The fairs and festivals are major attractions of India. Reflecting the vibrant culture of the country, these events occupy a prime place in the Indian tourism industry. They find their roots in the traditions, religious beliefs, myths and the seasons of the country.
The fairs and festivals either celebrate the change of seasons or are of a religious nature. For instance, Mewar festival and Holi are celebrated to mark the arrival of the spring season. Teej of Rajasthan marks the onset of the monsoon. On the other hand, Onam in Kerala and Bihu in Assam are celebrated to mark the harvesting season. Other festivals, like the Konark Dance Festival, promote the culture of India.
Religious festivals are innumerable over here. Durga Puja, Ganesh Chaturthi, Janmashtami, Eid-ul-Fitr, Christmas, Rath Yatra, Vasant Panchami, Ram Navami and others are some of the popular religious festivals of India. Apart from these, the other festivals that are celebrated include Desert festival, Elephant festival, Raksha Bandhan, Nowruz, Diwali and Dussehra among others.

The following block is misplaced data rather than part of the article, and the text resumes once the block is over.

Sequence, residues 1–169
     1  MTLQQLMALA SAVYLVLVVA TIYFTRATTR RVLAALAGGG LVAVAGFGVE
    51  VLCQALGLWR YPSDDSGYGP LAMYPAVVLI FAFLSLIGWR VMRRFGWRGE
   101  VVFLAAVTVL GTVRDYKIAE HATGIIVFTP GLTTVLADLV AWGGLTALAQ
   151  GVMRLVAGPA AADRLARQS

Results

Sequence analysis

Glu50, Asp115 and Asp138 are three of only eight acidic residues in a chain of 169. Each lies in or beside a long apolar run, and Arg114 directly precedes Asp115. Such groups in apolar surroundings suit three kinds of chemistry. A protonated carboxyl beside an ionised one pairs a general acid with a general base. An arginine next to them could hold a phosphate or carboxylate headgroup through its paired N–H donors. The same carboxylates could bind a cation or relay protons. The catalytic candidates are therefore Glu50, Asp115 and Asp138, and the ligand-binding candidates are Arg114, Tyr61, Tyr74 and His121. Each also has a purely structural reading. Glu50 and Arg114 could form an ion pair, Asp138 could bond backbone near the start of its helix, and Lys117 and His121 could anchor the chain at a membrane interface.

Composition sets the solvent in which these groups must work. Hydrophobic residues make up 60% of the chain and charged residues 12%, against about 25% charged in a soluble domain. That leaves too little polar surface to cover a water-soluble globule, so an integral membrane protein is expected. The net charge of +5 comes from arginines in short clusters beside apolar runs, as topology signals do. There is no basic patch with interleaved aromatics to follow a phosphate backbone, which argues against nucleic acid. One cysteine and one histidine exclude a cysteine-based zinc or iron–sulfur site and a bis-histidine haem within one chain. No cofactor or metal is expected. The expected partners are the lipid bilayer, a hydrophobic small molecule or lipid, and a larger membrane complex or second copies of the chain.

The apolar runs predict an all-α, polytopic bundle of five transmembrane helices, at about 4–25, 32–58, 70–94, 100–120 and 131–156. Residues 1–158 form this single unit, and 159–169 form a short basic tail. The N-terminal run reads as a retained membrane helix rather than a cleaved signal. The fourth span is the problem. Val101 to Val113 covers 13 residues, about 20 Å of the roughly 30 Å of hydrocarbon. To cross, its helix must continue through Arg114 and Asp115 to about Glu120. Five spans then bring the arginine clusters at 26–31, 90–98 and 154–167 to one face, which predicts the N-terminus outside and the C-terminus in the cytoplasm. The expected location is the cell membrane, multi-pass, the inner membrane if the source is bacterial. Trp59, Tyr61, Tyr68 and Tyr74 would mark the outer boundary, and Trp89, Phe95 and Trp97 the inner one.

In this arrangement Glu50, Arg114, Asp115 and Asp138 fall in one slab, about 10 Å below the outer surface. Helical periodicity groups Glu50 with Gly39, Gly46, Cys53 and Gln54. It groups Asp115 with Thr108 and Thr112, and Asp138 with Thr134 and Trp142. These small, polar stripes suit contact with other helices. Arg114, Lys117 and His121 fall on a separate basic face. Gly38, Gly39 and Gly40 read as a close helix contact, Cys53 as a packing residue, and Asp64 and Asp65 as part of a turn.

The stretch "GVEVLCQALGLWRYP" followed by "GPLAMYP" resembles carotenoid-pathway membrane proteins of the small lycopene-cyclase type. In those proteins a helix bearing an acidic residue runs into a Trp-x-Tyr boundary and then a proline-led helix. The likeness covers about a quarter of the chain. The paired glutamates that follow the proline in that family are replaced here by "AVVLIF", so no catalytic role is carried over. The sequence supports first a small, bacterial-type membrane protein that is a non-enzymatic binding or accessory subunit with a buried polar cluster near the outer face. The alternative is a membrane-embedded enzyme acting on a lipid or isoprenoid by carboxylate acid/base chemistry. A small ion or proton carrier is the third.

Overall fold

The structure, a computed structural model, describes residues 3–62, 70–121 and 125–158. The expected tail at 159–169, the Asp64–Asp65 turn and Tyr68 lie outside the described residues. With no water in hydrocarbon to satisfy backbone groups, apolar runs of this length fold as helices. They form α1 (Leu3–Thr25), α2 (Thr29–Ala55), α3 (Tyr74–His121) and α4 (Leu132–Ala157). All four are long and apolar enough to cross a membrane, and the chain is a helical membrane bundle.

A large number of fairs are also held in India from time to time. People from far and wide come to take part in these fairs. In fact, many tourists plan their vacations according to the time of occurrence of these fairs. Pushkar Fair, Urs Ajmer Fair and Surajkund Crafts Fair are some of the famous fairs of India. The Kumbh Mela, and the colourful and grand Goa Carnival are extremely popular among the locals as well as the tourists.
The fairs and festivals of India are held according to the lunar calendar. During these colourful events people of all sects, castes and religions come together and join in the revelry. Processions are held, prayers are offered, gifts are exchanged and people dance and sing during these multicoloured events.
Bringing out the true colours of the rich Indian culture, the fairs and festivals of India play an important role in attracting tourists to the country. These festivals are an integral part of the life of the people of the country.